Clocking in at just over two minutes in length, the break-neck, jacked-up tempo of the lead track “Smirk” bounds upon the deft execution of a crisp riff and smart group performance. Tight. Nelson breaks out his thickest Billie Joe Armstrong, Green Day East Bay scouse to deliver the tell-tale line: “I just woipe that smirk roit off… of yer fice.” Bewley’s throbbing toms in the second verse beef up the presentation considerably.

The opening chords to “Discoteque” seem ripped from the AC/DC or Green Day playbooks, but I’ll be damned if I can figure out which page. It is so damn prototypical that the band really needn’t do anything more than that riff. Maybe add some cowbell. Open with that chord progression, play it eight or sixteen times. Launch into a solo—that length or longer. Go back to the opening chord progression and fade out with a solo over the top. Two minutes and a cloud of dust. That would be right up the Cry!’s alley.

Franco

Franco

The Cry!’s version of events, however, is slightly less predictable, though based alone on that introductory riff would be enough to catch the typical listener’s attention, while drilling a hole through his brain. One thing about this band: they don’t spend a lot of time on exposition. They get right to the point. So before you even really catch on to the riff, they’ve been through a four-bar solo and are well into the first verse. No. Make that the second verse, actually, where Franco’s plinky piano calls to mind some early ‘70s Bowie arrangement (circa the Mott the Hoople years)—the vocal delivered with just the right mount of Robin Zander smugness. An array of digital guitars are flashing off flares all over the place—if there’s room anywhere for another hook, the boys have jammed something in there. They’re unrelenting.

Crace, Corsh, Nelsen

Crace, Corsh, Nelsen

“Hanging Me Up” goes all ‘80s eighth note drive, sounding not unlike the The Vapors performing their only hit “Turning Japanese.” A certain circular vocal melody comes around from time to time. Sounding very much like early Cheap Trick, “Seventeen” seems dedicated specifically to the age demographic best suited for this material: most likely female. That is not at all a condemnation. That age seemed to work just fine for the Beatles when they first broke with a slew of songs that included “I Saw Her Standing There” (“well she was just seventeen…you know what I mean,” whatever the hell THAT’S supposed to mean).

corsh

Corsh

Speaking of the early Beatles, “Waiting Around” combines “This Boy” with “Tell Me Why” to create a harmlessly peppy overture. It’s a put-on, echoing the Beach Boys in the turns, tongues plastered in cheeks—though, expert musicianship aside, this is not one of the band’s more sterling efforts. B-side material. But the ‘80s sensibility returns with “Sleeping Alone,” a song that harkens back to the days of English Beat/General Public, where Nelsen and Crace’s chunky beef guitars are wedged inside Corsh’s bubbly bass and Bewley’s tom-driven beat. Nice stuff.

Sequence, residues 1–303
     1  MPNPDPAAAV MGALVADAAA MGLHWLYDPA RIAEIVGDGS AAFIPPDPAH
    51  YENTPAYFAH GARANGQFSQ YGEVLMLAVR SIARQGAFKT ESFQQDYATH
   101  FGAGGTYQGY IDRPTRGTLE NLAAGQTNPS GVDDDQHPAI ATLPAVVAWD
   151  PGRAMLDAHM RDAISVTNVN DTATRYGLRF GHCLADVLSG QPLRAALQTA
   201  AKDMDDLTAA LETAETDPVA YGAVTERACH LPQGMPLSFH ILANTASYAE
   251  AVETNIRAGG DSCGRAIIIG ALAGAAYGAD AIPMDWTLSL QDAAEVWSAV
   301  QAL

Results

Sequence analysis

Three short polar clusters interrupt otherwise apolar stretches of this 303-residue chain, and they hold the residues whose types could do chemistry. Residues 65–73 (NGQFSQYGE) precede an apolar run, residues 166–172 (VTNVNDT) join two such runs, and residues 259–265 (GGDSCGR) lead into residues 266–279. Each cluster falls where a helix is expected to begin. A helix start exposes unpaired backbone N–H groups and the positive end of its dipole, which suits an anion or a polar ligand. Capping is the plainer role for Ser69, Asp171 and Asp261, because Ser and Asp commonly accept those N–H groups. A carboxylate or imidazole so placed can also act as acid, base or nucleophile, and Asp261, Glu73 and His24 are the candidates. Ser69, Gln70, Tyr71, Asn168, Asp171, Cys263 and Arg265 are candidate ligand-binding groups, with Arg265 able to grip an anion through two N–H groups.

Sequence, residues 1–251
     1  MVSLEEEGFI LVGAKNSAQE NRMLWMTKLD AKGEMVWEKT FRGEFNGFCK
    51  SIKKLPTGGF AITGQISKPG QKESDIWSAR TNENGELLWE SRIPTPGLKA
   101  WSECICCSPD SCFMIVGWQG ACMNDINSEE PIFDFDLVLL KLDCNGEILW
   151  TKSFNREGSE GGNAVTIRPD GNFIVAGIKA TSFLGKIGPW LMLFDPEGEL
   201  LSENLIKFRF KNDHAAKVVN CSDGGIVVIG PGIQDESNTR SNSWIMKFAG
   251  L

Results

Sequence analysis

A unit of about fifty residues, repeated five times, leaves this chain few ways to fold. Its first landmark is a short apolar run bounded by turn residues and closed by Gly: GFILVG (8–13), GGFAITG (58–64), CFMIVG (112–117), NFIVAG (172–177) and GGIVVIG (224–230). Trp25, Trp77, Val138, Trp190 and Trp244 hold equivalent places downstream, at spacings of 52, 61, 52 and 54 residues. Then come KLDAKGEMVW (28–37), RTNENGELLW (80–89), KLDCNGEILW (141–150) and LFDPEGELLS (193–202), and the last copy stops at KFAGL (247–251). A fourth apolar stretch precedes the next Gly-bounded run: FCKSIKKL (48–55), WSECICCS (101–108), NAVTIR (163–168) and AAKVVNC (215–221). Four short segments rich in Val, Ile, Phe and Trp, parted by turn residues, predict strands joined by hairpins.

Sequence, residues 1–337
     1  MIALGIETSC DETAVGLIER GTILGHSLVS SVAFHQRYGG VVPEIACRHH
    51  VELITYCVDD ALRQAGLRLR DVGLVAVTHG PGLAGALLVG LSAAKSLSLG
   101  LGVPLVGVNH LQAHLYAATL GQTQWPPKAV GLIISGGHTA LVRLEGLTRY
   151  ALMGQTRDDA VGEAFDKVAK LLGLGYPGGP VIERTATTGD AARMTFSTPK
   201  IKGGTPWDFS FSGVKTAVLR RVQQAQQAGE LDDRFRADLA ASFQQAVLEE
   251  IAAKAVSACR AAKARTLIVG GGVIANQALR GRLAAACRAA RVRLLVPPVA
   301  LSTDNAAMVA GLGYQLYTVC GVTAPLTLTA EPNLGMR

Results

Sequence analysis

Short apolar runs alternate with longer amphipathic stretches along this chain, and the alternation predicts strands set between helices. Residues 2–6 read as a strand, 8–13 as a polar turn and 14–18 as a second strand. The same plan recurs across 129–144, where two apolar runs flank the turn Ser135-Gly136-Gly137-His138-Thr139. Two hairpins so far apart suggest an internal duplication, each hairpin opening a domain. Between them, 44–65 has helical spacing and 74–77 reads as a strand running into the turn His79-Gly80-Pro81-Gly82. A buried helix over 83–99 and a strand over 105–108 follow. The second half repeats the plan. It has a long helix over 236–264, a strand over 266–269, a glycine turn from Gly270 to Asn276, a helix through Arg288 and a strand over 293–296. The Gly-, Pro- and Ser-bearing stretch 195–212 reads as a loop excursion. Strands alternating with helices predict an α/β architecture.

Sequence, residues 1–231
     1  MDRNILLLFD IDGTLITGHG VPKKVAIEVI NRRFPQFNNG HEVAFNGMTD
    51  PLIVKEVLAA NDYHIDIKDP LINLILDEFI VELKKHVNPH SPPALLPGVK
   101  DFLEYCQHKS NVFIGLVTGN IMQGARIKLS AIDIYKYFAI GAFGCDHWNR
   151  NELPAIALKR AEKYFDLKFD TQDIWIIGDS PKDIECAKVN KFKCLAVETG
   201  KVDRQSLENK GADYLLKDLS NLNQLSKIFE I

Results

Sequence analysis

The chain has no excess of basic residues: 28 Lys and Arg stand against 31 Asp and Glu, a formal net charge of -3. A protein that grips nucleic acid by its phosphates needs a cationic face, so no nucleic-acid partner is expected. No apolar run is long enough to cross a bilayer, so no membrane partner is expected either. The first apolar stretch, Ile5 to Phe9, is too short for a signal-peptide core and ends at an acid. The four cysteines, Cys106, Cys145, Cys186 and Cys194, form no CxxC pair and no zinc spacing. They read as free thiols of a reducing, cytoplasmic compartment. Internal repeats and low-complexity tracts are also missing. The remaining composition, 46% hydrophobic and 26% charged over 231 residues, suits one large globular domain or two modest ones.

Ray Nelsen

Ray Nelsen

Attitude-wise “Nowhere to Go” could pass for a Ramones song—snotty enough—but more tightly rendered, more proficiently played. If the Ramones would have sounded as good as the Cry!, nothing would have ever happened for them because they would have been too good and the punks never would have accepted them. Sometimes life just turns out for the best.

A nice change of pace is the acoustic guitar/piano inflected ballad “Last Thing That I Do.” Think of Tom Petty leading the very early Heartbreakers through a sassy version of Van Morrison’s “Brown-Eyed Girl” (I don’t know, maybe such a thing exists already) and you’re circling in on what we’ve got here. Nelsen’s sneering vocals and Crace’s kick-ass lead make of this track the most radio-friendly of the fourteen presented—which is really saying something. It’s like a sampler of everything the Cry! is capable of creating—and that’s a lot!

Thin Lizzy

Thin Lizzy

Jump cut to “I Think I’m in Love” (there are a lot of jump-cuts on this album—as if a silence any longer than a second might run the train of the average adolescent’s attention span off the tracks all together), a boisterous send-up in the fashion of Thin Lizzy. The boisterous Lynott-ish rap rolls free over the verses. But in the chorus, where the boys should heading back into town, the Cry! go the Rutles route and pull up with a Beatleseque pastiche eerily comparable to “I Must Be in Love.” They could have pushed a little harder on this one. A nice solo though.

Returning to the boogie rock at which they excel, “Down in the City” comes closer to the Zander/Cheap Trick template that works especially well for the Cry. Blowing through at 1:47, you barely have time to pick up the ditty on your sonic radar screen before you’re off to the next song. Nothing wasted… Zoom!

Yeah, Eddie Money!

Yeah, Eddie Money!

Thankfully for all parties involved, “Shakin’” has nothing whatsoever to do with Eddie Money’s 1983 release of the same name. Instead we are given a bouncy, Sweet-ish (“Ballroom Blitz”) rave-up with the memorable chorus: “Shakin’, shakin’ like a vibrator/Burnin’, burnin like a radiator.” Yow! Very tight ensemble playing locks down the homestretch. This band does not lack for chops.

The Rutles: Ron, Barry, Dirk and Stig

The Rutles: Ron, Barry, Dirk and Stig